Before committing to buy a horse, it’s important to know a much as possible about the horse you’re considering buying. Not only do you want to make sure that the horse will meet your needs, but you also want to know about any surprises that may come up or behavior that may be triggered by specific factors. In many situations, horse buyers just don’t ask enough questions or the right questions. To save you from headaches down the road, use the questions below when talking to the horse seller.
Why Ask Horse Seller Questions
There are a number of reasons why you should ask horse seller questions, but here are the top 3:
- The right questions will help you gauge what kind of horse you’re about to buy and more importantly if it is indeed what you’re looking for,
- Asking the right questions will help you weed out scam and help you avoid being defrauded,
- The right questions will help you understand what may come down the road which could include medical conditions, and behaviors changes
Question #1: The basics
The horse for sale ad should cover all the basics but just to be clear, you should ask about these basic details about the horse:
- Age of horse,
- Horse attributes
Question #2: What is the horse’s temperament?
Although temperament should be part of the basics, many horse sellers don’t usually include it in their ads. Simply put, horse temperament is a measure between 1 – 10 for the calmness (1 = bomb-proof) or hotness (10 = easily spooked) of the horse. New horse owners need a horse with a temperament of less than 5 because they can handle better while experienced riders can handle a 5 or more.
Questions #3: How long have you had the horse?
Knowing how long the current horse owner has had the horse gives you important insight into the relationship they’ve had. If the current owner has had the horse for only a short period of time, it’d be good to know why. Given the investment that goes into acquiring a horse, one would not be too quick to sell it again unless they have a pressing reason.
Question #4: Why are you selling the horse?
While the horse owner is within his/her right to sell the horse, it’s important to understand why. Is the horse owner selling because of a life event such an illness or does it have to do with the horse?
Question #5: What are the horse’s vices?
You need to know about any bad tendencies that the horse has so you can be prepared to deal with. For beginner horse owners this may be too much to take on so it’s important to know the vises so you can determine if you’ll be able to deal with it.
Question #6: What’s the health history of the horse?
When considering buying a new horse, health is an important aspect. At the very minimum, you need to know of any health issues the horse has had. Are there major surgeries of conditions you need to know about? Can you get in touch with the horse’s vet and verify the health of the horse? Horse owners tend to downplay health issues but if you listen carefully at how they answer, you may be able to read between the line.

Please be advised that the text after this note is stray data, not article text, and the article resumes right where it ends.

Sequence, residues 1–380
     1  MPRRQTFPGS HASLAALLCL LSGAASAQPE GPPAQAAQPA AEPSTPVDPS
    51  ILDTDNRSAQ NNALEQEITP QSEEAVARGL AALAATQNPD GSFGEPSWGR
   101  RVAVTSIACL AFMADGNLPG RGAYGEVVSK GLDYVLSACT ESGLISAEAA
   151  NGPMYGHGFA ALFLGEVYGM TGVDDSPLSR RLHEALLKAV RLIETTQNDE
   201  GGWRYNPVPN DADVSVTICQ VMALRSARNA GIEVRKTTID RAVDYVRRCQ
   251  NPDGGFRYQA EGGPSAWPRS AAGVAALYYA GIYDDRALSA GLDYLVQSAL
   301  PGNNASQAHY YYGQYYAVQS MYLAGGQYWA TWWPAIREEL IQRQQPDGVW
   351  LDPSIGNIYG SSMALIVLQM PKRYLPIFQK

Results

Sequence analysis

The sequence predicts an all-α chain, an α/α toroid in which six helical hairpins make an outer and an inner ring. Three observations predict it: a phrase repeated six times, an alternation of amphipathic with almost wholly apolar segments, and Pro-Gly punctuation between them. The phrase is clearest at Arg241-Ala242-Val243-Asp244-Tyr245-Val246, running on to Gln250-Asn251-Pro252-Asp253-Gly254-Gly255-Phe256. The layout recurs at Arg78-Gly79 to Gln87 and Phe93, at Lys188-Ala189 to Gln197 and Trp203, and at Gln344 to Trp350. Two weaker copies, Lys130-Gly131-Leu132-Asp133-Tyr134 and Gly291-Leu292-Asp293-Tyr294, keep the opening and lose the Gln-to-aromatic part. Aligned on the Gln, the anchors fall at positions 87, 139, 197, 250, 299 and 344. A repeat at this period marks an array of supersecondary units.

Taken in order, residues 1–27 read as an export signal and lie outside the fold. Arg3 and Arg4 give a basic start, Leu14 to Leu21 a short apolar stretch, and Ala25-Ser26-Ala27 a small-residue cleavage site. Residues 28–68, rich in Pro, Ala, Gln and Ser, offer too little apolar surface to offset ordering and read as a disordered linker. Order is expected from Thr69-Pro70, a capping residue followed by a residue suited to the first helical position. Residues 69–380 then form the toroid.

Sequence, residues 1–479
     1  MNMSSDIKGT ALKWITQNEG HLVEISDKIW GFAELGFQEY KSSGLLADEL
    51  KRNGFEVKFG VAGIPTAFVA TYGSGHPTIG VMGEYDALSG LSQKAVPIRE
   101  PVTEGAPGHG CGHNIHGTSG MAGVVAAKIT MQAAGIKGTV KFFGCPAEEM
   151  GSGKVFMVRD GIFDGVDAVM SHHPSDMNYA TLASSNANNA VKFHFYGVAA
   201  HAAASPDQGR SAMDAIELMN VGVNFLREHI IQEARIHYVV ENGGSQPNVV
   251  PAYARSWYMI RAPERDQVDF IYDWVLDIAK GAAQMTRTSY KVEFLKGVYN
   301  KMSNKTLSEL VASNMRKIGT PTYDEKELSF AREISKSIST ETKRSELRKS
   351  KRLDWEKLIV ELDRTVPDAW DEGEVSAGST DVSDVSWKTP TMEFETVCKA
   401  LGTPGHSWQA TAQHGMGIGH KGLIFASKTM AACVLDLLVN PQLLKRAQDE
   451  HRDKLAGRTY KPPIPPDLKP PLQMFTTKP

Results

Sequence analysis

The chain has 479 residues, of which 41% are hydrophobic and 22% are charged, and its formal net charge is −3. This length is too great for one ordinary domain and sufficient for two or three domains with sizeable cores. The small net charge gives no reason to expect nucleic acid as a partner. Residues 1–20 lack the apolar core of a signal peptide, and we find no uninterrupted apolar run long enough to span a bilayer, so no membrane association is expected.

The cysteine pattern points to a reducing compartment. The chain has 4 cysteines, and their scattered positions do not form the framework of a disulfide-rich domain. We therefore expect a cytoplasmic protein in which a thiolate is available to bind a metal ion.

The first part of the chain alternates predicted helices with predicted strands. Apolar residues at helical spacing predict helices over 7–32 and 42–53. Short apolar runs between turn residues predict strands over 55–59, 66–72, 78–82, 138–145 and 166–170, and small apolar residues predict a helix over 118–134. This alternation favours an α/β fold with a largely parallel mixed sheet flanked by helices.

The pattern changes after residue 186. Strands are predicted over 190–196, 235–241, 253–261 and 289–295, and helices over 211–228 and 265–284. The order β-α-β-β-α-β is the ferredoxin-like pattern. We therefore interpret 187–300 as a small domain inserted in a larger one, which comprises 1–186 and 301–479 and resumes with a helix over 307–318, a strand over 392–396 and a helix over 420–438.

Question #7: What training has the horse received?
The amount and type of training that the horse has received is important to know because it gives you a sense of what the horse is capable of doing, especially if you’re looking for specific disciplines. Lack of training should not necessarily disqualify a horse. It just means that you’ll be putting in more work to train the horse. If the horse has been trained, ask to speak to the trainer so you can learn more about how well the horse did.
Question #8: Is the horse tacked?
Ask what tack the horse is used to and if they come with the horse. If tack is being sold separately, you may be able to negotiate a lower price for both. Ask how well the horse tacks or if it takes a lot of effort to tack him. When you go to ride the horse, you need to watch the horse being tacked to confirm what the horse owner told you.
Question #9: Is the horse kept indoors or out?
Knowing where the horse spends most of his time will give you an idea of how to adjust him to the new environment. A horse that is used to being in the pasture may take some time to adjust to being in the stalls all day long.
Question #10: What is the horse diet like?
Just like humans, horses get affected by sudden changes in diet and so it’s important to know what feeds the horse was given and how much so you can plan accordingly. Horse feed is going to be one of your largest expenses so try to determine if the amount of food needed will break your bank.
Question #11: How is the horse around other horses or animals?
You want a horse that is not easily spooked by the presence of other horses or animals. This question may not be important to you because you may not have other animals on your farm but consider the fact that you may meet other horses while on the trail. Alternatively, a submissive/timid horse may not be best suited among other commanding horses as he may be hurt.
Question #12: Is the horse registered?
Horse registration is important, especially if you plan on taking part in showing events. Registration also gives you a history/lineage of the horse so you can learn more about where the horse has come from. If registered, is the owner’s name on the certificate of registration the same as the person selling you the horse?
These questions are by no means the complete list but are some of the most important. Be sure to ask and verify the information you receive from the horse seller. An honest horse seller will answer these questions to the best of their ability and you can tell that he/she is not just painting a rosy picture of the horse.
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